Now, we can see why it’s really difficult to reason with a two-year-old. But it’s also important to say that these tantrums and frustrating behaviors may come before or after the age of 2. Some behaviors may include hitting, biting, and throwing things. So what is there to do?
1. Respect the nap. Kids get tired and they need rest. It’s better to do activities before or after their nap time. At Vonkids, we are flexible with each little one’s needs, like nap time. Our directors make sure they time the most fun and important activities for when the little ones are well rested and happy, usually first thing in the morning.
2. Stick to a schedule with meals. Kids love their schedules as it provides them with a sense of safety. They are afraid of the unknown so it’s only natural that they get anxious or fussy when they don’t have a schedule and don’t know what comes next, especially when their little tummies are expecting food. So, if you are planning a trip, make sure to bring healthy snacks with you. At Vonkids, we make sure to stick to our meal schedule with our healthy meals, including the morning snack and the afternoon snack. This avoids kids getting hangry and will make their time and education more enjoyable.
3. Talk to your child about potential triggers ahead of time. For example, let he or she know they are not allowed to have a candy bar, but if they are good at the store they can have a treat afterward, or at a party if they fight, there will be consequences which may include leaving the party.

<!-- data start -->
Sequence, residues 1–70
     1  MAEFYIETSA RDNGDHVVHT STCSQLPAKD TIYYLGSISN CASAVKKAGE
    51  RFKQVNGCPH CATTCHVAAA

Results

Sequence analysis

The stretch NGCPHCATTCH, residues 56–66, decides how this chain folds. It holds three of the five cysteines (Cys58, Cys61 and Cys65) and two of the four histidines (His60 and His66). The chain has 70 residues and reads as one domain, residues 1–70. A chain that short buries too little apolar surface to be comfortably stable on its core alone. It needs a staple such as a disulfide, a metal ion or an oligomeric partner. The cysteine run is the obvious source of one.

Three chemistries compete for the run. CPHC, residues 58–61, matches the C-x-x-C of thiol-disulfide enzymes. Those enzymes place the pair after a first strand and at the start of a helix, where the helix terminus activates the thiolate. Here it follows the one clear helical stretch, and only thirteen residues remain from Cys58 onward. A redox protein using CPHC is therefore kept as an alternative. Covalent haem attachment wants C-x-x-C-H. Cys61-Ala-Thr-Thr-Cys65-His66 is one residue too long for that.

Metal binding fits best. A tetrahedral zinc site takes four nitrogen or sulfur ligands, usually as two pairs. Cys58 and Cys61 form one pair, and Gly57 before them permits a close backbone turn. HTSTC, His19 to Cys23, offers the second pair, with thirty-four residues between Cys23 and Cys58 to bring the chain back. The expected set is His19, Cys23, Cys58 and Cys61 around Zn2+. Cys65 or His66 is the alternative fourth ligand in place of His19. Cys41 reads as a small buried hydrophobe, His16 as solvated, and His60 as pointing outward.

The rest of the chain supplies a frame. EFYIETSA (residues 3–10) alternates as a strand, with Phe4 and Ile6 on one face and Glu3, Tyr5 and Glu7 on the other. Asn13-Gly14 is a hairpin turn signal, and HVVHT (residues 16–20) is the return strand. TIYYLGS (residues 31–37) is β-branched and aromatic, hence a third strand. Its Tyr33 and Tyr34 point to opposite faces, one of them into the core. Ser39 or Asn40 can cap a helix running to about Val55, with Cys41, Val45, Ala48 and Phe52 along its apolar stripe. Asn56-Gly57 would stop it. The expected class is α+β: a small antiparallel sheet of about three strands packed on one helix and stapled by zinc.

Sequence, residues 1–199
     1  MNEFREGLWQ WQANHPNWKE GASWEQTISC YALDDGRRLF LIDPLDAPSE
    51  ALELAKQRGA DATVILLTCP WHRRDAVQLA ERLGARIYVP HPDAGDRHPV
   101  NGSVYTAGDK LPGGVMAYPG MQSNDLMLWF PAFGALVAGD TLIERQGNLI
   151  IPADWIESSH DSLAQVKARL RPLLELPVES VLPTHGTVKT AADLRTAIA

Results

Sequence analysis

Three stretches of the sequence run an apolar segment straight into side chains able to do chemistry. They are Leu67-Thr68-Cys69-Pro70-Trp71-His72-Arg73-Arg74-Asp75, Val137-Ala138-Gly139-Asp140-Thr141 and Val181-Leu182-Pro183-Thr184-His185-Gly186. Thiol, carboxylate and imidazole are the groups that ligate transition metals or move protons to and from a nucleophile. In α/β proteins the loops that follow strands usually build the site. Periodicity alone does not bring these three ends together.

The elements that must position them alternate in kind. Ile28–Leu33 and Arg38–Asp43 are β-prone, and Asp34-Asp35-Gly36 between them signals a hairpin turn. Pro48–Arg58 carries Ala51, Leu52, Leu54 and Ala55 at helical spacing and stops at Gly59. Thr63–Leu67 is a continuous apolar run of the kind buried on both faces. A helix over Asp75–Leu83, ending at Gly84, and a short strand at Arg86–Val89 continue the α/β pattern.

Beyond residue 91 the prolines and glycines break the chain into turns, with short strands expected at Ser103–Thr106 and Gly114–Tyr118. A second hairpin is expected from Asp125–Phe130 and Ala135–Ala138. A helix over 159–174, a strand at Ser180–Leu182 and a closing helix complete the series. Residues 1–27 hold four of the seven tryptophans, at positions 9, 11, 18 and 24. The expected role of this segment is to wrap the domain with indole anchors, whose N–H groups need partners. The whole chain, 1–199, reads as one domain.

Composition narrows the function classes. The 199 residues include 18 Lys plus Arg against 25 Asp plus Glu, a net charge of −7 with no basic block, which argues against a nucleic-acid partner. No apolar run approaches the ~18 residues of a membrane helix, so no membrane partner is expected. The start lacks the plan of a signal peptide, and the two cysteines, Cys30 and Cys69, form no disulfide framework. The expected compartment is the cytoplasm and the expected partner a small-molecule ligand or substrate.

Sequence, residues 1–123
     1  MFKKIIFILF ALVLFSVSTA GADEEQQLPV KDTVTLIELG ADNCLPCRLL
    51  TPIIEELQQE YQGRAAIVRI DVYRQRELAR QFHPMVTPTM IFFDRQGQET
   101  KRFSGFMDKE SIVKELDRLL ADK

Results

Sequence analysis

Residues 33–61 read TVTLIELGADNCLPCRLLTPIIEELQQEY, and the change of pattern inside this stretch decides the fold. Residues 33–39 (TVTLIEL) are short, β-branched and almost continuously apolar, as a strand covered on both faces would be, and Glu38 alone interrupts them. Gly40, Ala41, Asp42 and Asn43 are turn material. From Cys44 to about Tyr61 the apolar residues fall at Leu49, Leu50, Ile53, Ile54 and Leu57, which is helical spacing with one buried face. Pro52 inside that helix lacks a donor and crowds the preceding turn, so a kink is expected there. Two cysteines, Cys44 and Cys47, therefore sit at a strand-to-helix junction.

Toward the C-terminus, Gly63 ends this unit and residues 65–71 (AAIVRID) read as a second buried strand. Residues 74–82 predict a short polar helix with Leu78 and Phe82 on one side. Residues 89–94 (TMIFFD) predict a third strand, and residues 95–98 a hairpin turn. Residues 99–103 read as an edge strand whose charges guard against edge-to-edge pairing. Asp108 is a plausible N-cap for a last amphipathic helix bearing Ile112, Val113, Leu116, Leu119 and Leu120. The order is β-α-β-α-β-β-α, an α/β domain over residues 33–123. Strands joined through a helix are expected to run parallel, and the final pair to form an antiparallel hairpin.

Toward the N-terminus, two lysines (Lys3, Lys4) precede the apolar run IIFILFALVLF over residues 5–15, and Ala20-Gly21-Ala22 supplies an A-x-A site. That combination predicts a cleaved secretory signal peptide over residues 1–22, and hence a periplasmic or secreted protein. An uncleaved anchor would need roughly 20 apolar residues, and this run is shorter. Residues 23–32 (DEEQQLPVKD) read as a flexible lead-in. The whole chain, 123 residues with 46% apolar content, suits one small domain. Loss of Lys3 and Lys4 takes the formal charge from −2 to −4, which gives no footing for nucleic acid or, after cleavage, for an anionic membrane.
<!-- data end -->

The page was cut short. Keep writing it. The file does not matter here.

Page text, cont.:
4. Commit to the same strategies for a certain period of time. When you do different things at different times, children learn to manipulate the situation and it’s more likely you’ll give in, which will only make things harder on you the next time you go out with your child. Being firm is the best you can do for yourself and your little one. At Vonkids, we use positive reinforcement, so if someone is having a big tantrum, we calm them and once they settle down, we explain the situation, making it a learning opportunity for us and the little one.
5. Keep them active. Distraction sometimes is a great way of avoiding tantrums, as long as children are entertained and occupied, it’s less likely they will throw a tantrum.
6. Try to be consistent and calm. Take deep breaths, stay calm, and try not to give in or overreact. It is a good idea to remind yourself, “This too shall pass.” A quick explanation after your child has calmed, along with a big hug, will make everyone feel better.